If you want a "smoother" more plush ride try a 1/2 turn towards soft on the compression setting. Ride it on a road you know well (I'm in Michigan so I have plenty of destroyed roads close by the house) and see how if feels. If its better try another 1/2 turn soft and ride. If it feels worse go back towards hard.
It is truly a trial and error process especially once you have a good base setting (sounds like you do from tire wear and having a "pro" set it up initially). I change my settings (mostly rebound but also compression) several times a year on the street due to riding conditions and ambient temperatures.The changes aren't drastic but allow me to keep the bike consistent so I know how it is going to respond to specific situations and that response is consistent
 

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From the limited info you gave on the cause for your concern with suspension settings and mainly being due to a tire type/manufacturer change I would suggest focusing on tire pressures.

Check the tire pressure cold (before riding) and record both front and rear psi numbers. Go ride the bike as you normally do for a while (30min-40min) and immediately check tire pressures again. Record numbers.
The psi change should be within 4-6 psi (I believe, might have to look this up). If the difference is less than this range you need to drop your tire pressure, if its above this range you need to add some pressure. I make psi changes of a few pounds, 2-3 psi at a time. As you get closer your psi changes will be less.

What you are doing is setting the size of your contact patch. More air in the tire = less contact patch, less air = bigger/wider/more contact patch. The smaller the contact patch the less heat you will put in the tires, the bigger patch the more heat. This is critical for both acceleration and braking traction as well as tire wear and longevity

Note that you will need to start with a cold reading on your next ride and follow the above procedure. May take several days/rides to get it dialed in correctly but I do this almost every ride so it just becomes a habit as ambient temperatures and riding style will play a factor and only takes a few minutes.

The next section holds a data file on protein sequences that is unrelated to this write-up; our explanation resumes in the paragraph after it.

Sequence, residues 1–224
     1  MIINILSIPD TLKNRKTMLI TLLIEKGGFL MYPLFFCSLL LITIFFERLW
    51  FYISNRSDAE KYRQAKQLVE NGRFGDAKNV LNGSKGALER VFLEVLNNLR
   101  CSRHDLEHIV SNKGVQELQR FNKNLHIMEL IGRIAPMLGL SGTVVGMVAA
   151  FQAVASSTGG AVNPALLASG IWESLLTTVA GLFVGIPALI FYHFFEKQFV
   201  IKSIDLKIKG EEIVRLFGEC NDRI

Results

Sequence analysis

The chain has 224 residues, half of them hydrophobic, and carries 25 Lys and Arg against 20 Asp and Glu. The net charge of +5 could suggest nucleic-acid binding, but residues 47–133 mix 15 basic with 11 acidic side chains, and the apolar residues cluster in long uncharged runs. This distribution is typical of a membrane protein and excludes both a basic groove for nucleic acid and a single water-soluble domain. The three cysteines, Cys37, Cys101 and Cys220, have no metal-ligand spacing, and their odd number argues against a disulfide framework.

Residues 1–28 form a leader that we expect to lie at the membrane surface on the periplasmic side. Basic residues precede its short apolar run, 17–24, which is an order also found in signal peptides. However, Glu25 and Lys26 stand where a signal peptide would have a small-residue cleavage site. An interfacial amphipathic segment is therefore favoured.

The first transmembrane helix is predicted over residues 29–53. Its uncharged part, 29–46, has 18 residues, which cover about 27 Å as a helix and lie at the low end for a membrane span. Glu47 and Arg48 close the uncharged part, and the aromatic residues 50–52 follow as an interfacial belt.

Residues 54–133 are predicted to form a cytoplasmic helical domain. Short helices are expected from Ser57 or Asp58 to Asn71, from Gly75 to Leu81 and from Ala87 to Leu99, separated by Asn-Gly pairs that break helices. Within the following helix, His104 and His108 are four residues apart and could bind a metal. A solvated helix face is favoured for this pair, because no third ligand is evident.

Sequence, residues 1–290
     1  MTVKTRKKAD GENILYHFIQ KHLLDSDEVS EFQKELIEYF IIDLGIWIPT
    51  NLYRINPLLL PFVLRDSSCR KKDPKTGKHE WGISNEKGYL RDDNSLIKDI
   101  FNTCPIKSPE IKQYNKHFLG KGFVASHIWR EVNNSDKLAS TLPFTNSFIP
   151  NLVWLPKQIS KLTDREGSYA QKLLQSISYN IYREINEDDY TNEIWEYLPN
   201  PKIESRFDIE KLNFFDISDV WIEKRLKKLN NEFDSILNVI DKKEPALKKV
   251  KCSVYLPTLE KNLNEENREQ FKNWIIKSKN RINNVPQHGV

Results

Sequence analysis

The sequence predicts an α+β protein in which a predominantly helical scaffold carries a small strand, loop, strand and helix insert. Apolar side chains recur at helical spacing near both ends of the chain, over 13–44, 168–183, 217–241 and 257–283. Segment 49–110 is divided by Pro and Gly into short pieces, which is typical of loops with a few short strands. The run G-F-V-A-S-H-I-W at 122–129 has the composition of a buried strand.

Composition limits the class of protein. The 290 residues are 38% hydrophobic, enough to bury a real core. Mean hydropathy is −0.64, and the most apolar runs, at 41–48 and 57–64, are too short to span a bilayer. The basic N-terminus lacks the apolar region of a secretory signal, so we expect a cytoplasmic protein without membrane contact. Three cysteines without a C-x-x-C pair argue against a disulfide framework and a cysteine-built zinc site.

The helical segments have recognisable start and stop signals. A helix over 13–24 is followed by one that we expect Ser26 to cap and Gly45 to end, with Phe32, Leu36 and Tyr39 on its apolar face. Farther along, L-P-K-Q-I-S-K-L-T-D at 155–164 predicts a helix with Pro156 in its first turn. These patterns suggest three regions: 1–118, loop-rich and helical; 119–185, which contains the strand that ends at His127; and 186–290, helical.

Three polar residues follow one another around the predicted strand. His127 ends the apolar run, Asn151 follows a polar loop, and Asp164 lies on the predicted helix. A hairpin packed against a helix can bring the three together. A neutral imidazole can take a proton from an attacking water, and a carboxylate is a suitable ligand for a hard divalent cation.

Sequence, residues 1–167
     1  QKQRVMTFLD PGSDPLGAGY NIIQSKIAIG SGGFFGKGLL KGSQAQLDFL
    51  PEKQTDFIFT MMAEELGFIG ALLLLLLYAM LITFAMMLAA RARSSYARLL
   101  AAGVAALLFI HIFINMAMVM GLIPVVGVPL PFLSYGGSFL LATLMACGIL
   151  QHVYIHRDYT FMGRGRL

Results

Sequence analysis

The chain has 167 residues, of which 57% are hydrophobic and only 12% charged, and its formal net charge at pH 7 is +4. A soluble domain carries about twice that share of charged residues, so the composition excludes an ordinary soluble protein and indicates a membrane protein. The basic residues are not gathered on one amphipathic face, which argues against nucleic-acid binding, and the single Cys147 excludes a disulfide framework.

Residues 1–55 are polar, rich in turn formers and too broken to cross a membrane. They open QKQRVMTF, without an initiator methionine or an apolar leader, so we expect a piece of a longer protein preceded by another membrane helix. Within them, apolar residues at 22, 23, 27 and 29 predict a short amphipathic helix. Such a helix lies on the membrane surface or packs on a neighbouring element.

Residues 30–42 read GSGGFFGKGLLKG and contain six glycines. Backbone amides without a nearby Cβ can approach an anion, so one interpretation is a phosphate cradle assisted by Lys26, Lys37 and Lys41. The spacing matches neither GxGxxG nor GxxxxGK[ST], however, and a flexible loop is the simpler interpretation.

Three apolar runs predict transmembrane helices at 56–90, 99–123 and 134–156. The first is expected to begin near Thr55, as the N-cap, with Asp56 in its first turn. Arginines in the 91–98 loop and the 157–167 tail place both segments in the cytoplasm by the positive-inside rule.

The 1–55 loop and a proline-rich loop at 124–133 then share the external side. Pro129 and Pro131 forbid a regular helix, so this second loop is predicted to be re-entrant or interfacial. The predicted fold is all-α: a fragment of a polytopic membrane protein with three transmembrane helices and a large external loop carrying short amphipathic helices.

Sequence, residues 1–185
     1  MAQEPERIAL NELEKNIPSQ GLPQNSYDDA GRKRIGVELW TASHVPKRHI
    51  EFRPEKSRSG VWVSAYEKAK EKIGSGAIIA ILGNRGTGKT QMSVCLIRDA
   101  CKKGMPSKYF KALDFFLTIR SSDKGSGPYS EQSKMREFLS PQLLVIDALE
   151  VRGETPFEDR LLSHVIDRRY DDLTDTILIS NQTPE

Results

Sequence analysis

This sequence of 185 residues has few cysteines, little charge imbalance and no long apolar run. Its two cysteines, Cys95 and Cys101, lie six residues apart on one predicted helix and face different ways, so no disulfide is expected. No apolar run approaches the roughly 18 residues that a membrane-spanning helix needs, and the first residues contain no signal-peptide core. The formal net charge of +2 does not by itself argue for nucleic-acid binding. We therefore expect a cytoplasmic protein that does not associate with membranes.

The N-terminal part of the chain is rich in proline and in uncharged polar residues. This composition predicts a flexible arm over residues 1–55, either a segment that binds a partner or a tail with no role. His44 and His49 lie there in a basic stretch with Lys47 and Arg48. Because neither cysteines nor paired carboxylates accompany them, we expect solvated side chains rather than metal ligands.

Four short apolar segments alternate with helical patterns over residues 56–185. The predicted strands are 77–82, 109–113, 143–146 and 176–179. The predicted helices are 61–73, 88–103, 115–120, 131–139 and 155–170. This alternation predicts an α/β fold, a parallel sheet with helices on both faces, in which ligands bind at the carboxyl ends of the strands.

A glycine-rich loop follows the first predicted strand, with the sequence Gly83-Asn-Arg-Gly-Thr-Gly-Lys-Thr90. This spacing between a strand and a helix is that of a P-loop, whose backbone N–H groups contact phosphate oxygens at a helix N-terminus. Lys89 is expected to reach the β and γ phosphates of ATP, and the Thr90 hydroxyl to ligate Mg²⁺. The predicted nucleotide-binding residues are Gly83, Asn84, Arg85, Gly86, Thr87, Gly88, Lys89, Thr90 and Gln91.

If after your first ride and tire pressure check you find you need to add/subtract tire pressure you can still do so immediately with a warm tire and go ride to see the feel difference but the cold-warm tire pressure difference should not be recorded and used as a measurement for change because the "cold" tire pressure is now actually warm tire pressure as it takes a while for the tires to cool down after riding.
Hope that makes sense
 

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Unfortunately for me, my brain & body seem to be hyper sensitive to motorvehicle performance aspects:(. It would have been easier on my pocket if they weren't

In this instance, the difference in bump absorption was night & day (michelin pilot power > pilot power 3). Initially I felt the change was a bad & expensive mistake but once the dust had settled, I felt the back end absorbs the bumps in a more controlled way and less bouncy, so in the end I am happy with the change.
I won't bore you about other handling aspects I noticed :sleep::sleep:
I might end up contacting the specialist who set the bike up once people are back at work
The stocker S21 were simply unforgettably awful, to the point the whole bike felt like a huge sping, and I was chasing ghosts with the suspension settings. Jesus Christ, what a revelation and huge diference the Q4 are.
 

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From the limited info you gave on the cause for your concern with suspension settings and mainly being due to a tire type/manufacturer change I would suggest focusing on tire pressures.